I am cherishing the moments that we have together. We have always been a tightly knit family, doing things together. Nowadays when I am in my down period after chemo and I cannot be with my kids because of how I am feeling, I try not to feel guilty of missing out on the moment. My family gives me strength and courage. I want to be present longer. I want to grow old and gray with my wonderful husband. And to see my children grow up as adults. Seeing grandchildren is definitely a bonus. My mom never got to see her grandkids. I know if she was alive right now she would adore them!

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Eye opening moments

There are quite a lot of eye opening moments in my parental experience. One of them is learning to recognize that your child is not an extension of yourself. This means also redefining the language that we use with them. A simple but very profound experience is not asking my daughter to brush her hair. One might say: “Why not?” When I started losing my hair because of the chemo, I decided to have my hair shaved. The time when I first took off my beanie in public it felt so liberating. I felt that I was seen no matter if I had hair or not. I even blogged about that incident and how I felt even though some people were looking at me. Then I realized I kept on asking my daughter to brush her hair, and why? Because people would think that she was not taking good care of her grooming and there I was feeling liberated for my lack of hair and not caring what others thought! It is so refreshing to have moments like that where I can pause and re-evalaute my language with my children.

A message for “struggling to be good” moms

My message to other mothers, who struggle with illness or themselves would be – don’t be afraid to lose the “good moms” title. Trying to be perfect puts the pressure on what we should and shouldn’t be. When in fact by being enough and acknowledging we are enough we can give more of ourselves as parents. It’s still a struggle for me to affirm everyday and to remember: “I am enough” and with all the struggles “those too shall pass”.

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“Why not me”?

I may die tomorrow, but it’s not only my reality. It’s everybody’s reality. I never had a question: why me?  Everybody dies. We just don’t know how, where and when. The question: “why me” is quite arrogant. Why not me?! What is there in me so special to be exempt from something? This helped me acknowledging that illness was my reality at the moment and it made things a lot easier. And it’s not strength, but rather a strategy of survival.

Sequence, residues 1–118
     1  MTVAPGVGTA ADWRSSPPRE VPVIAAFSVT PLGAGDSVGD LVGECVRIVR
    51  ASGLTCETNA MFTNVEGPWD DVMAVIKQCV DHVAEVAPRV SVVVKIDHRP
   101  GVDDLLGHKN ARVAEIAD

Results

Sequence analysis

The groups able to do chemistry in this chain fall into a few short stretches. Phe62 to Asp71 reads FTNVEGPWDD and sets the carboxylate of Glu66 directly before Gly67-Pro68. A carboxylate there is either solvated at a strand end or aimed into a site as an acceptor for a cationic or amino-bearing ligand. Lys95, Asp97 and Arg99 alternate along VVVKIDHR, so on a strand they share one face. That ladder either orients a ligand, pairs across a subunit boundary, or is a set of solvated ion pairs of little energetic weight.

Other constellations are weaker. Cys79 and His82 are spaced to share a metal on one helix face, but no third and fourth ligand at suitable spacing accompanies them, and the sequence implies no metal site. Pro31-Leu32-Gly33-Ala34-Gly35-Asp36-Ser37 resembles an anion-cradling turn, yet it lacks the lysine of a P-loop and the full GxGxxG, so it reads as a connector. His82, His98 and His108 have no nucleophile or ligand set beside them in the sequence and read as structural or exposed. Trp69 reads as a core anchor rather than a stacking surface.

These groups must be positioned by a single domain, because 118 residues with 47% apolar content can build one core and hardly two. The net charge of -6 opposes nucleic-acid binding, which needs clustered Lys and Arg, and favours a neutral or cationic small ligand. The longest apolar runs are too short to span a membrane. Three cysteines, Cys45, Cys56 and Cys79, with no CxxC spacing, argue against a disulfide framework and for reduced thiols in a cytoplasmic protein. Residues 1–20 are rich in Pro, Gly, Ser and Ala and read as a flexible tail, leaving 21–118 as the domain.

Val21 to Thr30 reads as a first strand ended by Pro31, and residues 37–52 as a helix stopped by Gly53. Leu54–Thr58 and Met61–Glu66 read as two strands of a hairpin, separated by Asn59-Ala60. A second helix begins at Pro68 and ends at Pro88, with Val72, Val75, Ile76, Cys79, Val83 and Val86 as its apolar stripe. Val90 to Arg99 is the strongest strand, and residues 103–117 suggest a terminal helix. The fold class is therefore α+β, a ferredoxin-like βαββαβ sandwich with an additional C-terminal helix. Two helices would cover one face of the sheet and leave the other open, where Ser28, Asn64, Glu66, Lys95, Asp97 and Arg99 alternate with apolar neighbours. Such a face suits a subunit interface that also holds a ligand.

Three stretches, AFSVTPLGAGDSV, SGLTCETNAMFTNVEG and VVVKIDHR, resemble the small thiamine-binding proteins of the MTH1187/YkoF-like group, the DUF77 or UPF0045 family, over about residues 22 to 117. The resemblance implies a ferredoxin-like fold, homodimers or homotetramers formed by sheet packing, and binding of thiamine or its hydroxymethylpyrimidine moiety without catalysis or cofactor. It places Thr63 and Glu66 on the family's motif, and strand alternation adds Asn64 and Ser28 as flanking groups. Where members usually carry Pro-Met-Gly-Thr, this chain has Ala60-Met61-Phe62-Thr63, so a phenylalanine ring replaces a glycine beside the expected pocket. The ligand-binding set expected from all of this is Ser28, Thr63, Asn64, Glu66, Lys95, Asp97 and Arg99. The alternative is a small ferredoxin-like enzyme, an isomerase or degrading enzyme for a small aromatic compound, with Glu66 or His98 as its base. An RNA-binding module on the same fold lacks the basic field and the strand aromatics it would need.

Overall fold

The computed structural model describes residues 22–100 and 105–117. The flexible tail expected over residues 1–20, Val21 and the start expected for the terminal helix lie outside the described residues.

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Back to myself

One of my favorite quotes from my favorite author Leo Buscaglia is about love and it says: “Love is the process of me leading you gently back to yourself”. And I think that whatever we do, we actually are going back to ourselves. Often along the way we get lost and forget who we really are, what our purpose is. I’m still wondering and still asking God: “What do I have to learn from the experience I am going through, what do I have to overcome and what I have to become?”

P.S. If after reading this interview you felt that you wanted to glance into Lana’s soul, here is the link to her poem “I just want our old life back” http://linkis.com/dayone.me/dtWHc)

Photos by Alex Chalkley Photography

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3 Responses

  1. Elma Alorro Dionela says:

    Lana, I appreciate what you have written but learn to accept the reality what you are now and that ‘s what I did to myself to become stronger.In my time I didn’t want to hear about soft words or sympathies because the more less courage I become.Pls don’t get me wrong,” always look on the bright side of life Your husband and kids would give you more strength,they need you.Stay positive,everything will be alright soon .God bless n hugs.

  1. December 18, 2014

    […] more about the write up from Good To Be Mom by Irina […]